One definition of friction is the rubbing of one body or surface against another. Improper orthotic design or ill-fitting shoes can create an environment where excessive friction occurs, leading to blisters and skin breakdown. Friction may lead to skin callus formation, which can be a precursor to ulceration. Smoother surface materials such as Plastazote will be less likely to generate friction compared to rougher, more gripping top covers. Sometimes the post-surgical foot presents other complicating factors if it is not balanced correctly or if there are any boney prominences or skin anomalies.
Pressure and shear occur in an amputated foot because of its smaller surface area and the inherent imbalances that are created when distal portions of the foot are removed. Consider a normal foot in the sagittal plane hinging at the ankle (figure 1a). The relatively long lever arm of the midfoot-forefoot is balanced by the large gastroc-soleus complex. After any significant amputation, the shortened anterior lever arm will be overpowered by the strength of the posterior muscle group (figure 1b). Muscle contraction will create increased pressure and shear at the distal end of the remaining foot. One objective, then, becomes to restore the functional length of this lever arm to absorb force and protect the remaining foot (figure 1c).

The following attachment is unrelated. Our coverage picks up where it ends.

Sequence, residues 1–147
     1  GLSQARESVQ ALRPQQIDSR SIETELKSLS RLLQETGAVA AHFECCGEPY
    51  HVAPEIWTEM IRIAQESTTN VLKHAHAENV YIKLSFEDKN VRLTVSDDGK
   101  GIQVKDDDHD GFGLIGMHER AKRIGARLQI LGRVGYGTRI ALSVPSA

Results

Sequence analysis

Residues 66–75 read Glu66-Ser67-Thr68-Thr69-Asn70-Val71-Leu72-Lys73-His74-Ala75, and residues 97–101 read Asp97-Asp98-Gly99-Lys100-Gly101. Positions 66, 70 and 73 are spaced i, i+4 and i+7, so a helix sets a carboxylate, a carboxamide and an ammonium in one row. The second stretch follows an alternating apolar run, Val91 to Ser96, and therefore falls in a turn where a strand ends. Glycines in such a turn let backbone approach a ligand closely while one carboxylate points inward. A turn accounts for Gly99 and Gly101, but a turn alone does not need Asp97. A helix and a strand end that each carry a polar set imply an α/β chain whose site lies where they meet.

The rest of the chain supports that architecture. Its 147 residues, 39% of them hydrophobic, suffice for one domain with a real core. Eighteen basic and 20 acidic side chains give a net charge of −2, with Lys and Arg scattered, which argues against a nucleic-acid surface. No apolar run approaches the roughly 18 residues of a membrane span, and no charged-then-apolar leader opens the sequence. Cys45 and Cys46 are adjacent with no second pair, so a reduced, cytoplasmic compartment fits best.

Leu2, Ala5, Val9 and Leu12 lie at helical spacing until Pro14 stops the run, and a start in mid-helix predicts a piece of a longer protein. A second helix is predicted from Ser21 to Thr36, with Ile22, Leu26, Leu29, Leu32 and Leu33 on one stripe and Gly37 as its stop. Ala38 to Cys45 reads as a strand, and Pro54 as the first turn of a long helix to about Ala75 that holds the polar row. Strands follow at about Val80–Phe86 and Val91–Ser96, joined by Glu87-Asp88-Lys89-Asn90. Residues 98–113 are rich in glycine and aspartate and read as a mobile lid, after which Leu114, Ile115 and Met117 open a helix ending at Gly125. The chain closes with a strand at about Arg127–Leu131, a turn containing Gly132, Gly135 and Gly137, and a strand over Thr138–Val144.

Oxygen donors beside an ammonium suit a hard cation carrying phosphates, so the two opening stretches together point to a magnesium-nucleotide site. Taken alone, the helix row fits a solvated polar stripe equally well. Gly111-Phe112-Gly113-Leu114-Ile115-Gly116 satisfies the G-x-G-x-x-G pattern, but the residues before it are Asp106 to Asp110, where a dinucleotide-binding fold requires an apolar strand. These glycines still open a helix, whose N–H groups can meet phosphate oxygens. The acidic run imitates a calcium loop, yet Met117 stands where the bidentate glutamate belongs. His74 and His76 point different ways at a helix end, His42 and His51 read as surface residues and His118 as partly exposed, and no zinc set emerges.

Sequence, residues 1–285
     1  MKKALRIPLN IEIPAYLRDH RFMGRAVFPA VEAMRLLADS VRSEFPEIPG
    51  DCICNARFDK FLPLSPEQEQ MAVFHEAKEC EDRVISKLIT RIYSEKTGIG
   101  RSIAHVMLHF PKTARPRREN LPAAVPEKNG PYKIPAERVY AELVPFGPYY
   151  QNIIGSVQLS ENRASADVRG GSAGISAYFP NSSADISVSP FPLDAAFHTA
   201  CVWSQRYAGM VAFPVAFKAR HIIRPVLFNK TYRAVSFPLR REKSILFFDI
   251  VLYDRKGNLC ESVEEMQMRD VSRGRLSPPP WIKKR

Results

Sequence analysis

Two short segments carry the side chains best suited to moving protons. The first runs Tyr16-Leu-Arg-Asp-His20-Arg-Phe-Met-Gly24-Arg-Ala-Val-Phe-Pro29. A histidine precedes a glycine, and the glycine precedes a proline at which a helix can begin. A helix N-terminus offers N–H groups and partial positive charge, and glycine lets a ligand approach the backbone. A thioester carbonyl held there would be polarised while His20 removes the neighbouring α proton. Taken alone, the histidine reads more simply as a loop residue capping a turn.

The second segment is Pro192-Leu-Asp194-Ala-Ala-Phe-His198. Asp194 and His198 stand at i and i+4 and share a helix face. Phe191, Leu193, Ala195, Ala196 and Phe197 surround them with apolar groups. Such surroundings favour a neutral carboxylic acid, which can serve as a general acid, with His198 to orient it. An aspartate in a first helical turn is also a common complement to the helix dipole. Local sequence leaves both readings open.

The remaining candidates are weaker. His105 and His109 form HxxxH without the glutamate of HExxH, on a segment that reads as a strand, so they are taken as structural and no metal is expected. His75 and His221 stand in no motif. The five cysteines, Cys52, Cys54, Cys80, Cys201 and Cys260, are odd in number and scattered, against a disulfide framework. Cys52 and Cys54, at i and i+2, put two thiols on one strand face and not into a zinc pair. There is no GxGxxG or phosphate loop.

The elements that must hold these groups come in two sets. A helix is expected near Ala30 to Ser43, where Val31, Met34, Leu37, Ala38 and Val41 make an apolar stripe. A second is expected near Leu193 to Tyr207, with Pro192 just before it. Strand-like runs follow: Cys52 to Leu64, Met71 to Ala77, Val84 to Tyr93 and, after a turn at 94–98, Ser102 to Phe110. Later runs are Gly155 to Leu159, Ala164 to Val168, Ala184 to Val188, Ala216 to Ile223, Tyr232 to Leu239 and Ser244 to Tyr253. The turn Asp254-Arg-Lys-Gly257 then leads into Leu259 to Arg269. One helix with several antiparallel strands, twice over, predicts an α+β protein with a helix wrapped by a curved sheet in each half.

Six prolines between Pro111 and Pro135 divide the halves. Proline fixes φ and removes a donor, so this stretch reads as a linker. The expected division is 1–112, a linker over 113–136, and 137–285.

Studies have shown that walking and exercise help patients with diabetes control their weight and blood-sugar levels, in addition to myriad other health benefits and a better quality of life. Recreating a normal, fluid, and symmetrical gait are important considerations in the rehabilitation of partial foot amputees.
A consequence of partial foot amputation is the emergence of an unintended leg length discrepancy (LLD). A transmet, Lisfranc, or Chopart amputation removes critical anchoring tendons and muscles from the foot; this results in arch collapse and a rearward migration of the calcaneus. The net effect of this ankle plantarflexion is a lower calcaneal angle that introduces a LLD (figures 2 a-c). In addition, regular shoes become harder to fit as the calcaneus moves posteriorally.
It is proposed that a socket-type foot orthotic for the amputee could address both the loss of anatomical position and the functional LLD by building up the shell with an appropriate anterior wedge and posting. This would dorsiflex the residual foot to some degree, restoring anatomical position and providing a lift to rebalance the malleoli.